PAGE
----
But with four walls,  a few simple touches, it will begin to take shape. Husband, dog, favourite cushions, artworks, lamps and rugs.  

It’s not these material things or the bricks and mortar that create a sense of home. It’s family. Friends. Neighbours. Memories. Sights. Smells and Sounds.  And mostly, it’s love.
So come on London. This week. Put some love back in.  
Even though bricks and mortar and material items aren’t the most important thing, when someone else comes along and mindlessly destroys them. We are left speechless. 
A few images of the London I know and love. 

re·treat/riˈtrēt/ (part one)

1. The act or process of withdrawing, especially from something hazardous, formidable, or unpleasant.
2. A place affording peace, quiet, privacy, or security.
A second blog post somehow seems SO much more difficult and definitive than the first. What I choose to write about here and now will begin to shape and mould this story going forward. And so the word ‘retreat’ springs to mind.
Retreat  – often a well – deserved rest, carefully planned and thought out right to the last detail. This forced break we are on – in an unpredictable situation, has become a retreat, thrown together, with no planning and very little thought.  During all my years in Sydney I often found myself searching the web and scouring newspapers trying to find the perfect mini – break. Here and now, I’ve found it.
Whilst camped out in this little corner of Italy,  ‘ a la campagna’ to be exact,  I think of what it takes to make you feel at home and comfortable whilst on retreat.  It doesn’t always need to be carefully planned or organised, as my current situation has taught me. The makeshift bedroom we have created in this un-renovated farmhouse on a plot of land dotted with olive trees, has become my husband’s favourite room ever in which to awake. It seems ironic – the years I’ve spent trying to create the perfect environment with light and space and here we have done it, simply, with a couple of mattresses, an old trunk, some scarves and a jam jar of flowers – mother nature has played a strong hand in this one.
Each day is filled with the earth’s simplicities, and offers us a richness we have never yet experienced. Until now.  We enjoy the almost clichéd sunsets, the local wines and foods, all readily available to us on the newly created terrace and set out in a haphazard arrangement of glasses and bowls.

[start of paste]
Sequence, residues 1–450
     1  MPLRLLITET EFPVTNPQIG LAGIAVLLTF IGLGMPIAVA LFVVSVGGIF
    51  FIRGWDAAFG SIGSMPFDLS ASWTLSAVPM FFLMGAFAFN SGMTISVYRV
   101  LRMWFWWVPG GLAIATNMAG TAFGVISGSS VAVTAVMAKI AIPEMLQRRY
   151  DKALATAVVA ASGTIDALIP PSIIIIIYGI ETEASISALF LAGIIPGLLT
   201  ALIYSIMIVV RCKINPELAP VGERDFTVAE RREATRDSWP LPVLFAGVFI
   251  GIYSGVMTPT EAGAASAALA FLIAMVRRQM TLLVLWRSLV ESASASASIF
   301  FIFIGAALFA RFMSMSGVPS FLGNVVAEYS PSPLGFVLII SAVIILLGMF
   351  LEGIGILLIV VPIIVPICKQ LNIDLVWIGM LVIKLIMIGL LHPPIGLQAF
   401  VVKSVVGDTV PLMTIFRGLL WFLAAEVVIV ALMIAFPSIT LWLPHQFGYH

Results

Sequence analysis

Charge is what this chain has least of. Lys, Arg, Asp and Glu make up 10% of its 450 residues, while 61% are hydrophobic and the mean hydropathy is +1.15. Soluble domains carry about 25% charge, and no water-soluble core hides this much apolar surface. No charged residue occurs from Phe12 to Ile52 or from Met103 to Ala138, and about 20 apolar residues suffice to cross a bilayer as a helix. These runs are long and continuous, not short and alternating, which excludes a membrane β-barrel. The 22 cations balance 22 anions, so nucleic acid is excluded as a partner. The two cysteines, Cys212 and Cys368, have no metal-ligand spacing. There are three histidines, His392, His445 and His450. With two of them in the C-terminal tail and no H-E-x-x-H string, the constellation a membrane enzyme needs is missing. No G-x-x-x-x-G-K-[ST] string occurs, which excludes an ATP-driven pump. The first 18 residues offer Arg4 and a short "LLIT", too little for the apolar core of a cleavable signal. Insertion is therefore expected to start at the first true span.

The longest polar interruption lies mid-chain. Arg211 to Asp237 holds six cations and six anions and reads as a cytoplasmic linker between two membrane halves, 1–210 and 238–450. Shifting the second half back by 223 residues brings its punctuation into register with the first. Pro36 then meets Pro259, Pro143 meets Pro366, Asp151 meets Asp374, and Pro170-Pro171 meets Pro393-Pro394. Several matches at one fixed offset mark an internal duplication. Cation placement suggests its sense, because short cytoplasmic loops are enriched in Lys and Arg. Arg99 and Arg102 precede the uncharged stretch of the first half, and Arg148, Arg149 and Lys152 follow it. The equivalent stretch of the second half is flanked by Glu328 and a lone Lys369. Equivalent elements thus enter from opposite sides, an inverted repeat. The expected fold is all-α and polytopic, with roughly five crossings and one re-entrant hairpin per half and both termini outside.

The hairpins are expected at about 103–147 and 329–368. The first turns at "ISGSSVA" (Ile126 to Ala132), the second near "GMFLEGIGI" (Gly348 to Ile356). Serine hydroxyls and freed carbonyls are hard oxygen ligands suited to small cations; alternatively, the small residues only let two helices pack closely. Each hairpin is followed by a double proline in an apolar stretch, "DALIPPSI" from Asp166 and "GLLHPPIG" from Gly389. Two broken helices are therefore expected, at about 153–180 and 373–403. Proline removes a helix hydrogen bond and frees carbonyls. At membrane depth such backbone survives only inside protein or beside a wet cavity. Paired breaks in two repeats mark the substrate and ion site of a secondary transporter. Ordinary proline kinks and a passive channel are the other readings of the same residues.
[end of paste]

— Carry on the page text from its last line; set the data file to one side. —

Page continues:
Whilst sharing my shower with a grasshopper yesterday morning, I realised that perhaps there is a lot to be said for enjoying a place offering peace and quiet minus all the 5 star luxuries. Creatures yes, creature comforts, not a chance. Here, who needs them?
To add just a little more irony to our situation, last week we went off from this peaceful little farmhouse… to go on a ‘retreat’.  A rest from a rest…….
We headed further into Le Marche to a little ‘agriturismo’ named Casa Azzura. Yet another renovated farmhouse offering a space for yoga and meditation, and run by the warm and welcoming Elia.  With only eight rooms, and a cosy yet worthy of a Michelin star restaurant, boasting views over the Sibillini Mountains, Elia has adopted many elements of Feng Shui in his design.
Every room houses a freestanding claw-foot bath, perfectly placed, and silk Indian saris are draped from the windows, creating a feeling of utter calm. I was amazed to find such serenity within such simplicity. To think of the hours I’ve pored over plans and sketches, trying to arrange a space perfectly in order to create a certain feeling and comfort.  Here you have it, a bath, a sari and a window. Done.
Two rooms…. within two weeks. Perhaps the simplest rooms we have both ever stayed in. And yet the most relaxing. I will remember this valuable lesson when I embark on my next project. Keep it extremely simple.
If you are ever in the area of Le Marche and looking for a five star spa with all the trimmings, then Casa Azzura may not be for you. However, if you would like to visit one of the most relaxing spots on this earth, then look no further.
The room at the farmhouse, I can’t recommend to you as highly unfortunately. That, we are keeping, just for us.